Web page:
Children’s Colored Pencils: an artist’s recommendation

Children's Colored Pencils: an artist's recommendation

What really makes for a good children’s colored pencil?

Have you ever eagerly opened a new set of colored pencils for the children, only to discover that the first time you sharpen one, the lead breaks? And breaks again… and again?

There actually is a reason behind this frustrating dilemma — and it does not necessarily mean you are dealing with cheap colored pencils, as you might first think.

The best of the best

I am an artist who loves colored pencils. 🙂 In my opinion, the best colored pencils all-around are the Berol Prismacolor, but they are so great because of their extremely soft lead… which unfortunately also equals easy breaking.

All you have to do is drop the pencil once on a hard surface and the whole thing may be all broken into chunks inside, which will lead to that oh-so-frustrating experience: it seems like that lovely colored pencil is breaking as you sharpen it. (As a side note, if you get a broken-up box of colored pencils fresh out of the store, take it back. It was likely dropped before you bought it.)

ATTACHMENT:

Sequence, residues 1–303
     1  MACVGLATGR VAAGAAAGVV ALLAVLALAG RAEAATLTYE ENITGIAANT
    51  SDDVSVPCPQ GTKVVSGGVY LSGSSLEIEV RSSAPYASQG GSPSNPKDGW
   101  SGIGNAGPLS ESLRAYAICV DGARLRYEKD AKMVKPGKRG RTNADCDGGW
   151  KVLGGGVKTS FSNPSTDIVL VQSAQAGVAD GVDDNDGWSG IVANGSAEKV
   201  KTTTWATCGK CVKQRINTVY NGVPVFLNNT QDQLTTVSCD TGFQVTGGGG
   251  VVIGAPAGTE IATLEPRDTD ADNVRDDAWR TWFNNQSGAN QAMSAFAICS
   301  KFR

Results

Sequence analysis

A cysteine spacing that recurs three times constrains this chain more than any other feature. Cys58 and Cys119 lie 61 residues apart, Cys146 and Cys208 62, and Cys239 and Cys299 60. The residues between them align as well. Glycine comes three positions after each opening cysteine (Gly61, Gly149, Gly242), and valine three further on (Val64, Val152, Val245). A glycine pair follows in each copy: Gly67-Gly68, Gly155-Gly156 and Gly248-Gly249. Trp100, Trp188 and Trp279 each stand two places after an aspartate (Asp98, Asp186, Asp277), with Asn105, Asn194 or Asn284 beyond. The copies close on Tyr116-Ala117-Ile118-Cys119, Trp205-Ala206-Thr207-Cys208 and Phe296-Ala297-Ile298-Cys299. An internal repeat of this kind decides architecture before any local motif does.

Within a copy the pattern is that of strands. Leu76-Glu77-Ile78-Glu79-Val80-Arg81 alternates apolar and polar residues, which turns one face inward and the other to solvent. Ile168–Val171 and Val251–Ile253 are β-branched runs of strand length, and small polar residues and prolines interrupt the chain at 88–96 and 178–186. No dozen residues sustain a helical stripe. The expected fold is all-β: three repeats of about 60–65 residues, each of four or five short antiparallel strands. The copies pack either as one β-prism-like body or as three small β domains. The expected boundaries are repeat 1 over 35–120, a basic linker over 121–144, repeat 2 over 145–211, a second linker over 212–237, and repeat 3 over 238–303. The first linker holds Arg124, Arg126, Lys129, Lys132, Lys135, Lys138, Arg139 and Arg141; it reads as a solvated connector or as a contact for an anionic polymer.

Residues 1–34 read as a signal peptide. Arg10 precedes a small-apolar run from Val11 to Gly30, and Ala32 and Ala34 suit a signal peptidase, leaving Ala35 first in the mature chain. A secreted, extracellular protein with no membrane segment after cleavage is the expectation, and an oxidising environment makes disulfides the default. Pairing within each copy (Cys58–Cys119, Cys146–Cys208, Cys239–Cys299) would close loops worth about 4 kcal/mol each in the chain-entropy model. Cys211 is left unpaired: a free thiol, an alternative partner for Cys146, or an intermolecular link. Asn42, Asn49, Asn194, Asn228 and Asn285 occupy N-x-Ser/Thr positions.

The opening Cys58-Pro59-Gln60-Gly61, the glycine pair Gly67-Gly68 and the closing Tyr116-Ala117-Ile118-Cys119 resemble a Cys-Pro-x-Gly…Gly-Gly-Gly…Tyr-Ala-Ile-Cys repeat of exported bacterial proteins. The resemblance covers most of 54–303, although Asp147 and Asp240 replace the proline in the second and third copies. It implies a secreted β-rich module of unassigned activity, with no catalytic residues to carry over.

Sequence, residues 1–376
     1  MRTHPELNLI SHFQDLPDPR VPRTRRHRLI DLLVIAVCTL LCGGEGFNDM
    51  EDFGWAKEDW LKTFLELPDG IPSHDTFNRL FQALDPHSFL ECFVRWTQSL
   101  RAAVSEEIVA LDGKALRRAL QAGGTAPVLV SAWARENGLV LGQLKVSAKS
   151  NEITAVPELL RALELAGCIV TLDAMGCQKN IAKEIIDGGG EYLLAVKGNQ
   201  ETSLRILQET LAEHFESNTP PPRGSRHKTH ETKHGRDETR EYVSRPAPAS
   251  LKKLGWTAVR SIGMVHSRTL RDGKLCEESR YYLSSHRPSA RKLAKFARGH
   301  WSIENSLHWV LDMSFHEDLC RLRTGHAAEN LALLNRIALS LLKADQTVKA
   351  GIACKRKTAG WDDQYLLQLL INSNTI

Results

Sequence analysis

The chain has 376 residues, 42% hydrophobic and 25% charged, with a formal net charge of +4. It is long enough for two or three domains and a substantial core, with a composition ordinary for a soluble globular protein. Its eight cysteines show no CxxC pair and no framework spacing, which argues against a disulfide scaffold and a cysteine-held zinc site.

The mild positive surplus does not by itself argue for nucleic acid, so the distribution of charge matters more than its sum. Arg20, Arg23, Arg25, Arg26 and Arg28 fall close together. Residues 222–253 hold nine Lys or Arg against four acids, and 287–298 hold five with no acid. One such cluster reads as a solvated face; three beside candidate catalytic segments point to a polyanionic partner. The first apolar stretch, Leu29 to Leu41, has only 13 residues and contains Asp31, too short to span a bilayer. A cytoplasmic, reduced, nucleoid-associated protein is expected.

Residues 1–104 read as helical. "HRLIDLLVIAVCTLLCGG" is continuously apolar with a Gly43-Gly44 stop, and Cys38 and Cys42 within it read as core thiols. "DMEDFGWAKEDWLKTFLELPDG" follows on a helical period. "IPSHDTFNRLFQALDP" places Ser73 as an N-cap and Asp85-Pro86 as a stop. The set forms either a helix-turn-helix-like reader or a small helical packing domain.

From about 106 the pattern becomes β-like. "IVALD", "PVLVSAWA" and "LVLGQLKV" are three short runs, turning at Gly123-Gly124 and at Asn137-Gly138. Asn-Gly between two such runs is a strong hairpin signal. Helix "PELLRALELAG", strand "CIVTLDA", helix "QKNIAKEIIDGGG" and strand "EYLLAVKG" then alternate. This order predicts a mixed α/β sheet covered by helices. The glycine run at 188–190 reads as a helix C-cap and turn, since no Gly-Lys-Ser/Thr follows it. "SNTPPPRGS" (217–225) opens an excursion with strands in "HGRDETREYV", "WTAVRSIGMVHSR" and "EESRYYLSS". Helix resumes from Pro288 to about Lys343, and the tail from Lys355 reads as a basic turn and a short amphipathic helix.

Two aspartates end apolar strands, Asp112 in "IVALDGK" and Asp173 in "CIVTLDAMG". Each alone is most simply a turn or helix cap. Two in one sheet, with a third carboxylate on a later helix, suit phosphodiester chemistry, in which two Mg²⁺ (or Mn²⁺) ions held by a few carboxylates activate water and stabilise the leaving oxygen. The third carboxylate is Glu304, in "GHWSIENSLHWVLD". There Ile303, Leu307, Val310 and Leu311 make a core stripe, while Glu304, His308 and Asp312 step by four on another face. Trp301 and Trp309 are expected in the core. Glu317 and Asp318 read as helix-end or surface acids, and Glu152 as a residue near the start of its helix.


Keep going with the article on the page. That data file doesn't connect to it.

Unbreakable — well, almost — for the wee ones

On the other hand, very cheap colored pencils are made of a very hard, quite durable material. So surprisingly, those cheap colored pencils are the ones that will be less likely to break. The cheap pencils are not a bad choice for preschoolers who are still learning to be gentle with things or who still tend to fumble when holding pencils or whatnot.

However, that same hardness makes for a lot less enjoyable experience in using them because they do not write as nicely. The “lead” feels like it is scratching across the paper, and your lines look just about as rough as they feel.

A happy medium for the older children

As children get just a little bit older, I highly recommend you go for a higher quality pencil. (Experiment yourself with a couple different colored pencil brands side-by-side. Color a bit with a more expensive one; then switch to a cheap one. Do you feel the difference? It’s worth it!)

What I recommend as a good balance of durability, price, and smoothness are Crayola colored pencils. It is still important to teach the children to be careful with them, but they will “survive” more rough treatment than the more expensive brands will. Plus, they will color quite nicely for the price.

If you want your children to love — or at least enjoy — drawing, they need a smooth pencil sooner or later, and Crayola fits the bill quite well. 🙂

image: “Color Pencils” by Matti Mattila 2013 (CC BY 2.0) –

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